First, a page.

Written by Sarah Shemkus
A new report finds cities and towns are lowering residents’ electric bills and emissions by negotiating for green power.
The growing number of Massachusetts cities and towns that have negotiated community-wide rates for green energy have saved millions of dollars while also shrinking their carbon footprints, according to a new report released last week.
“The data shows we’re kind of shattering expectations,” said Larry Chretien, executive director of the Green Energy Consumers Alliance, the nonprofit group that put out the report. “You can add green power and still provide consumers with an opportunity to save money.”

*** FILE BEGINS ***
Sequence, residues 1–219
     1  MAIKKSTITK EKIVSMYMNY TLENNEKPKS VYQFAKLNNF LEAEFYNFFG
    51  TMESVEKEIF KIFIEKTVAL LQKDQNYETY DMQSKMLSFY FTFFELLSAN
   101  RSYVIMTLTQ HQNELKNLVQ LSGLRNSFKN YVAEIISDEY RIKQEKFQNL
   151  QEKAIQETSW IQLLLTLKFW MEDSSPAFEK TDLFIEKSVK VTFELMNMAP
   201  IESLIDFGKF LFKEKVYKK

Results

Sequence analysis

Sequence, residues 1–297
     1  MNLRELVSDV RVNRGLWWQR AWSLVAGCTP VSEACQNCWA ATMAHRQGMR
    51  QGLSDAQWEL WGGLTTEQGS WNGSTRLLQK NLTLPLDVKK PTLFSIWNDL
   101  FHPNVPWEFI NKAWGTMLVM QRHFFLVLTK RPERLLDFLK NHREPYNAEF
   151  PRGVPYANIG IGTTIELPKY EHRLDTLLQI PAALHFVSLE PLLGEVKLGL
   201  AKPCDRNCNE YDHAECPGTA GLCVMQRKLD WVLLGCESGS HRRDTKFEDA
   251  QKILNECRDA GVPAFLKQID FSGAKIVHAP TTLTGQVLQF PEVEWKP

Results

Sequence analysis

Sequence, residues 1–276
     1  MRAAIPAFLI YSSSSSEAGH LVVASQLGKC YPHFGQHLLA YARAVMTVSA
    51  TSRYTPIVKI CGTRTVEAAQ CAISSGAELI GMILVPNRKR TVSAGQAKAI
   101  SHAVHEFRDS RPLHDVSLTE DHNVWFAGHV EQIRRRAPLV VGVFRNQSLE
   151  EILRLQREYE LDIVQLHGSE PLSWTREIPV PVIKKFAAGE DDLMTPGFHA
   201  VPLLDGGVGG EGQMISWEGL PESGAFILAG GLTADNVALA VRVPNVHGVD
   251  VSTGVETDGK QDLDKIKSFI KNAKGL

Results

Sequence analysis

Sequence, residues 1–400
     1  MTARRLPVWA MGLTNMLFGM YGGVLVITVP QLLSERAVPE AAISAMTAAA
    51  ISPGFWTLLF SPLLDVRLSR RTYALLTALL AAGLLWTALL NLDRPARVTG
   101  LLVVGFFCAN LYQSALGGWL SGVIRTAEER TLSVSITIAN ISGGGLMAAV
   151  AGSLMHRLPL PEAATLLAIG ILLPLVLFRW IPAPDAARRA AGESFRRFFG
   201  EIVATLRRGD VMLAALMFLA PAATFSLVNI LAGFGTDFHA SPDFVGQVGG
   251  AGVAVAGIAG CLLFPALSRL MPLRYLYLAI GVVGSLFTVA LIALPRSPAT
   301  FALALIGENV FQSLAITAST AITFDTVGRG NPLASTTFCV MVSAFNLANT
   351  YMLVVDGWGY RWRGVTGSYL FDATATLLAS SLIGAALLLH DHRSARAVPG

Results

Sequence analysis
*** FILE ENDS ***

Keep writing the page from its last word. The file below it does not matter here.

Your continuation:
The model, known as green municipal aggregation, has its roots in a 1997 law that restructured the state’s electricity markets. One provision of the law allowed towns and cities to negotiate directly with power suppliers on behalf of their residents, using the promise of a built-in customer base to secure longer-term rates they hoped would be lower than the default utility rates, which change every six months.
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